The Seaweed Diet
Seaweed has always been famously known for its starring role in Japanese cuisine. Now, it is gradually getting incorporated into more and more dishes.
Among the many benefits consuming of seaweed brings to our health, you will find the following:
Excellent source of iodine: Your thyroid depends on iodine to produce hormones that repair damaged cells in your body. Without iodine, you might experience weight changes, fatigue and swelling of the neck. Seaweed is rich in iodine because of its unique ability to absorb it from the ocean. In fact, while the recommended daily intake of iodine rests at 150mcg, a single teaspoon of dry kelp contains 59 times this amount.
Full of vitamins and minerals: While the exact set of nutrients will depend on the type of seaweed you consume, you will generally find Vitamin A, C, E, K and B12, as well as folate, zinc, sodium, calcium, magnesium and omega-3 fats.
Rich in fiber: Fiber can actually make up 25-75% of seaweed’s dry weight, which is higher than the amount of fiber you will find in most fruits and vegetables. Fiber is amazing for digestion and it also slows down stomach emptying. This means, eating seaweed tends to make you feel fuller for longer.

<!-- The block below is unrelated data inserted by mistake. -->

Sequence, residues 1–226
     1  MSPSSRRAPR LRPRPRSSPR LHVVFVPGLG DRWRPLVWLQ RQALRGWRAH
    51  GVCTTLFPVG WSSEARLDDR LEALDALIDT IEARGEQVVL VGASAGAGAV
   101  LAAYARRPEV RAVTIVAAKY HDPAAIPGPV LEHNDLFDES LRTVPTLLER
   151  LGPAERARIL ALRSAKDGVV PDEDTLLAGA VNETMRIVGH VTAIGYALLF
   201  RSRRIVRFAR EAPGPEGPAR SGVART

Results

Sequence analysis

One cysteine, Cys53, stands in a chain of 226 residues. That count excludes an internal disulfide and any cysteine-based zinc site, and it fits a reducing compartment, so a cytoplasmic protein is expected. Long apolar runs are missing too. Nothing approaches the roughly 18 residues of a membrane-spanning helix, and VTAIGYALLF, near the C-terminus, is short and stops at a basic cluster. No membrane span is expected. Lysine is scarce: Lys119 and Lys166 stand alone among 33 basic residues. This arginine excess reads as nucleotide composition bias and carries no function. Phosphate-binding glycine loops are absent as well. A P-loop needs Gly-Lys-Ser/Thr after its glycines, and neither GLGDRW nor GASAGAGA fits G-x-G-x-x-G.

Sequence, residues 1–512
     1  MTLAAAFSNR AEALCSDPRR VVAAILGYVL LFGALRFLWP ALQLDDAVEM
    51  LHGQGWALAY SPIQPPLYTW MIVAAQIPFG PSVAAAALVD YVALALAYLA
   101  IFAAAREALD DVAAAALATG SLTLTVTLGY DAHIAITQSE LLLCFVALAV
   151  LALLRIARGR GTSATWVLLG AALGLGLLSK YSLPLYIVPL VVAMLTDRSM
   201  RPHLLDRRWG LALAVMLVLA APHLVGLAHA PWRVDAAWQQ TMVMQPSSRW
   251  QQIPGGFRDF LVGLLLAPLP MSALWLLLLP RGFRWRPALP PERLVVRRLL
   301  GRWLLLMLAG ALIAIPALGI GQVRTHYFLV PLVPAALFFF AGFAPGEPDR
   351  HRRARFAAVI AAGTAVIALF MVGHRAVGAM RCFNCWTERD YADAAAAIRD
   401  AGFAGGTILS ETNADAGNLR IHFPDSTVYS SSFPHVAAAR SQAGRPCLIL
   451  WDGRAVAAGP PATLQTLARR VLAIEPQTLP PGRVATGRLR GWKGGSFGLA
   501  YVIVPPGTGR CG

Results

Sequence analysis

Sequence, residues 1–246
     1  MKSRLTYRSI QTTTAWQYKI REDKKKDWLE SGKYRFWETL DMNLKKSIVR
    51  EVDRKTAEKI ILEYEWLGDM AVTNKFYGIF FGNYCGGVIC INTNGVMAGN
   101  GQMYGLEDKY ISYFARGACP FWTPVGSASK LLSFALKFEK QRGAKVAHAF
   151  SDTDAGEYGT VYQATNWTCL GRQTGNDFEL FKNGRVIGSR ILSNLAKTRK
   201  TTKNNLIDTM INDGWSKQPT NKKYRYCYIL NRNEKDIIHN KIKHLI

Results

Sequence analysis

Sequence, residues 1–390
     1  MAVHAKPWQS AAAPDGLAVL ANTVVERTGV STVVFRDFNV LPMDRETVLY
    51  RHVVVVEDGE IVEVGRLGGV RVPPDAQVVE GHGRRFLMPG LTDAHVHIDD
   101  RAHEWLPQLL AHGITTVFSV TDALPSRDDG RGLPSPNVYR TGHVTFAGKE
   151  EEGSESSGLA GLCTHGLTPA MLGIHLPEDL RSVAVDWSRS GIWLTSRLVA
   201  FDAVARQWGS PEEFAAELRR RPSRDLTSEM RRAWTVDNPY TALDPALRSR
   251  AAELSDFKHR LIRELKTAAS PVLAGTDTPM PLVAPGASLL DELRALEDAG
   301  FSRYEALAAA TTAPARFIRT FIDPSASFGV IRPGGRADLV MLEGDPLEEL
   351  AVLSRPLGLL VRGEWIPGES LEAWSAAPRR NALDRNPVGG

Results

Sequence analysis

Helps reduce heart disease risk: It contains properties that reduce blood cholesterol levels, improves blood sugar control and helps prevent blood from clotting.
Awesome! So how can I incorporate it into my diet?
Well, another great property of seaweed is that you can cook it in many different ways.
You can stir-fry it, cook it like spaghetti and pair it with your favorite sources. Or throw in a handful of seaweed to warm water to hydrate it and add it to soups, salads and smoothies. Alternatively, if you have dry kelp, add a little bit to the pot when cooking beans, rice or a broth, to enhance flavor.
The take away point is: it is good for the body, super easy to use in the kitchen, and very, very tasty.